Wicked: The Life and Times of the Wicked Witch of the West
by Gregory Maguire
Symbolism, Imagery, Allegory
The mirror that Turtle Heart makes for Elphaba as a child helps to "illuminate" (pun intended) themes of sight and witnessing in this book. And themes of sight are also interestingly linked to childhood here.
As a child, Elphaba is captivated by the mirror. Aside from Turtle Heart, she is the only member of the family who can see things in it. What's more, these two characters can also fully understand what they are seeing. Looking into the mirror prompts Elphaba to say her first and favorite childhood word, "horrors":
She held it in two hands, and stared at it with one eye closed. She peered, she squinted; her open eye was distant and hollow. Reflection from the starlight off the water, thought Frex, hoped Frex, but he knew the bright vacant eye was not lit by starlight. (1.8.124-5)
As an adult, Elphaba not only loses her mirror, she also loses the ability to fully "see" as she did as a child. Instead she becomes ruthlessly practical, denying the existence of souls, other worlds, "Unnamed" and unseen gods, and occasionally magic itself. The adult Elphaba who has lost the mirror becomes blind in a sense, and she's aware of that fact. She often describes herself as not "visionary" (188.8.131.52) or as lacking in imagination or a sense of deeper meaning to things.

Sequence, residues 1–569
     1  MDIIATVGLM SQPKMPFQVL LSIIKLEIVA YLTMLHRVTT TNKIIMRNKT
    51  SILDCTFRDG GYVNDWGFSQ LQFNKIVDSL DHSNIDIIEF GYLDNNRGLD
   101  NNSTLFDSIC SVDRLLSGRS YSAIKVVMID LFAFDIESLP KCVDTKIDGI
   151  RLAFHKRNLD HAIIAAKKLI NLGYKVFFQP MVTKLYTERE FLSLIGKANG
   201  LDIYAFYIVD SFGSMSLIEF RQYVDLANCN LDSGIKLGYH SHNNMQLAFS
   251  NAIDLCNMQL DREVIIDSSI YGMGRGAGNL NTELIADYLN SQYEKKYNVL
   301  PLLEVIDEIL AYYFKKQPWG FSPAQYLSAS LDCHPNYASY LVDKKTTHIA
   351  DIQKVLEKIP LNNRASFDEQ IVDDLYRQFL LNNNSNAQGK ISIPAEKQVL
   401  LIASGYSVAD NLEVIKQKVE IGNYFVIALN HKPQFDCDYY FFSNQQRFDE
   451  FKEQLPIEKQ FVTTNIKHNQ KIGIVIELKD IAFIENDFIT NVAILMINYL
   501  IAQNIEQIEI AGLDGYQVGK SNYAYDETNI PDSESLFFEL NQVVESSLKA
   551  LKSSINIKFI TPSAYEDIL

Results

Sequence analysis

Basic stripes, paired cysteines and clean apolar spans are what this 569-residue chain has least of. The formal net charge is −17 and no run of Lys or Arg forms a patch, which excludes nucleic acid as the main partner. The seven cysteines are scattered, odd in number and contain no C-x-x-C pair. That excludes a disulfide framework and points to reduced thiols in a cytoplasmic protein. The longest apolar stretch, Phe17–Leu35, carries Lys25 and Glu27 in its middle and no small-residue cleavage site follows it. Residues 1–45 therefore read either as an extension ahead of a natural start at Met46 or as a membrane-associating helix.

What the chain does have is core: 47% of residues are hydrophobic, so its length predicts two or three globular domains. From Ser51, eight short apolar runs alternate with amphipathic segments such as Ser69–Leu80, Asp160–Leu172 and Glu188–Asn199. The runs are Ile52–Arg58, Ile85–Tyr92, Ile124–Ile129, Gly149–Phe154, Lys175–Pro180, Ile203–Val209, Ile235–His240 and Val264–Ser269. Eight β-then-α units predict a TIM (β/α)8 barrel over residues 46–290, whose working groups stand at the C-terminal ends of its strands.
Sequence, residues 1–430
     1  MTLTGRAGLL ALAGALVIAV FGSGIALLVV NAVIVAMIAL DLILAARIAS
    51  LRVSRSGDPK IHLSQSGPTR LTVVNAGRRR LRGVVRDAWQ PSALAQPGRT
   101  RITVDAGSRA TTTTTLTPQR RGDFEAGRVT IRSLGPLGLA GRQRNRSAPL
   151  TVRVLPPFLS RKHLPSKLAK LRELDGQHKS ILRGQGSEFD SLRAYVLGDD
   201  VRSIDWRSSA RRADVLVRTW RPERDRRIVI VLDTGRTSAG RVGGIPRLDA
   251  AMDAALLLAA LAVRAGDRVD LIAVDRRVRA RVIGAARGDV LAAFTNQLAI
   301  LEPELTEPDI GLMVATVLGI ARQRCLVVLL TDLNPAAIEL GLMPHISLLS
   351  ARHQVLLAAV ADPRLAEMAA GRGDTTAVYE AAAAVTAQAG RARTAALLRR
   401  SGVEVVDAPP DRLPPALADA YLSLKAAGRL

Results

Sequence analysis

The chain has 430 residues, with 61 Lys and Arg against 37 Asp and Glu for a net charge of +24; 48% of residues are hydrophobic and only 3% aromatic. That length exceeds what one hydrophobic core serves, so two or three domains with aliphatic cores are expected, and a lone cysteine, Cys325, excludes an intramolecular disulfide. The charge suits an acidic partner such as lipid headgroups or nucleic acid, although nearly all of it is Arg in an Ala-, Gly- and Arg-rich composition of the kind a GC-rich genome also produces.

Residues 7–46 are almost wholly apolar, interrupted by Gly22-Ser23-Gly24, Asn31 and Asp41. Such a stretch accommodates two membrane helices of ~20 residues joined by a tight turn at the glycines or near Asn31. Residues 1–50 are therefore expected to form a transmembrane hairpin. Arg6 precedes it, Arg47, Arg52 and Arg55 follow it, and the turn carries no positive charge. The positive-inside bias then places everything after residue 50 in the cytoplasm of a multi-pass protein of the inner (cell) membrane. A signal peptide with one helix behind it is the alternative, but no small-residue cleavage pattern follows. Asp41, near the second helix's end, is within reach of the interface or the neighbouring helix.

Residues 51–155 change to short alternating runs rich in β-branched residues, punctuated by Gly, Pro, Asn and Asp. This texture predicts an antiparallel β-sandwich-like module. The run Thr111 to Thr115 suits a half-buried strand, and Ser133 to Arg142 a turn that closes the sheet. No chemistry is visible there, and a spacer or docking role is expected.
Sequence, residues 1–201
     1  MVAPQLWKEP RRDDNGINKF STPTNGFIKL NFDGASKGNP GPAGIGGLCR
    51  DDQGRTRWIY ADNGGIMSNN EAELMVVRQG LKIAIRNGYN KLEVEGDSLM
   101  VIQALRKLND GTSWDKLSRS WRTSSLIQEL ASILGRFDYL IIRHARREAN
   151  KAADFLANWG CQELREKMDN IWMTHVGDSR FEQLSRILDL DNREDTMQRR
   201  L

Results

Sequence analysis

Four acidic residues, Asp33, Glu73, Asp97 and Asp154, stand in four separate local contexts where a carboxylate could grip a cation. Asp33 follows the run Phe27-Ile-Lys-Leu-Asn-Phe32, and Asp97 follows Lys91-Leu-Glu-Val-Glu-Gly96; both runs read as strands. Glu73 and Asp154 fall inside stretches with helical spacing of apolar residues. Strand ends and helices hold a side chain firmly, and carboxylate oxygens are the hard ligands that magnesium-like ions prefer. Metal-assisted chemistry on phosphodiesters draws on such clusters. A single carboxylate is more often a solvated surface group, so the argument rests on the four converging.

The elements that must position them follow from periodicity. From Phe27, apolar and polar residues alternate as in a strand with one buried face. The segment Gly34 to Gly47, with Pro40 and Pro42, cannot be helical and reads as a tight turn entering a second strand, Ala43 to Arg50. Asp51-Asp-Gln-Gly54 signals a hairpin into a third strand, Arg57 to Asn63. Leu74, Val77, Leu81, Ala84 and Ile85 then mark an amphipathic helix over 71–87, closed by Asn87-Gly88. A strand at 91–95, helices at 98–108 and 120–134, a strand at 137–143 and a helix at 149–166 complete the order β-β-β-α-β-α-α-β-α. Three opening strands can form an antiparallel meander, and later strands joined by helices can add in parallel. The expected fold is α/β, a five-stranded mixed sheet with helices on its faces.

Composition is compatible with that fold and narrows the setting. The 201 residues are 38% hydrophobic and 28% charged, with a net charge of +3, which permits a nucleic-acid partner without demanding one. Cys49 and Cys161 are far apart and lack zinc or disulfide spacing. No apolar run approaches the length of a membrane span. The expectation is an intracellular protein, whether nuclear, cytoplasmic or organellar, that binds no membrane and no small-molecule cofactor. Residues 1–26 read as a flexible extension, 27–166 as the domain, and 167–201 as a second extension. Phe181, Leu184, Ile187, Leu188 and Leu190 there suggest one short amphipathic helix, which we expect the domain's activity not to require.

When Elphaba regains the mirror from the dwarf, she is only able to see the present in it. Again, her adult vision has been truncated. But it's notable that she gets the mirror back at a time in her life when she is revisited by people from her past, learns more about her family history from Nanny, and starts exploring memories from her youth. What sight she regains seems related to her regained access to her past and her youth.
But mirrors aren't just for seeing events and places; they are also for seeing the self:
"She thought: the Witch with her mirror. Who do we ever see but ourselves, and that's the curse." (5.11.21)
Ultimately, Turtle Heart's mirror represents the ability not just to see the world but to understand it, and to understand one's place in it.